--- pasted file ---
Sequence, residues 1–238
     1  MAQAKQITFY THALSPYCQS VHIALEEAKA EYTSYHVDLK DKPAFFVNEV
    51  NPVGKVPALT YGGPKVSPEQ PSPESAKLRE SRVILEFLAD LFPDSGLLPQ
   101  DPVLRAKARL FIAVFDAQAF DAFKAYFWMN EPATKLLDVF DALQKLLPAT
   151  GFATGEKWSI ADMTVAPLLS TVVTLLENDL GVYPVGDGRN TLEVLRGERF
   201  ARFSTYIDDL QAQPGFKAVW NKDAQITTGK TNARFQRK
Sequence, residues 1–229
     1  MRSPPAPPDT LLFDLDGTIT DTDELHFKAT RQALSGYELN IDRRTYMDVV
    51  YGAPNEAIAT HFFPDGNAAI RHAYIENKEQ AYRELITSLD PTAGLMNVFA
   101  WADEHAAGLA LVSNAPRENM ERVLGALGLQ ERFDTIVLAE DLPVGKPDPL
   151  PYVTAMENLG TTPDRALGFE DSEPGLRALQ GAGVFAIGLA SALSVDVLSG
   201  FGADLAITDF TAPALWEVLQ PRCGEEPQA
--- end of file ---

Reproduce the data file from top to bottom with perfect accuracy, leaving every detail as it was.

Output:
Sequence, residues 1–238
     1  MAQAKQITFY THALSPYCQS VHIALEEAKA EYTSYHVDLK DKPAFFVNEV
    51  NPVGKVPALT YGGPKVSPEQ PSPESAKLRE SRVILEFLAD LFPDSGLLPQ
   101  DPVLRAKARL FIAVFDAQAF DAFKAYFWMN EPATKLLDVF DALQKLLPAT
   151  GFATGEKWSI ADMTVAPLLS TVVTLLENDL GVYPVGDGRN TLEVLRGERF
   201  ARFSTYIDDL QAQPGFKAVW NKDAQITTGK TNARFQRK
Sequence, residues 1–229
     1  MRSPPAPPDT LLFDLDGTIT DTDELHFKAT RQALSGYELN IDRRTYMDVV
    51  YGAPNEAIAT HFFPDGNAAI RHAYIENKEQ AYRELITSLD PTAGLMNVFA
   101  WADEHAAGLA LVSNAPRENM ERVLGALGLQ ERFDTIVLAE DLPVGKPDPL
   151  PYVTAMENLG TTPDRALGFE DSEPGLRALQ GAGVFAIGLA SALSVDVLSG
   201  FGADLAITDF TAPALWEVLQ PRCGEEPQA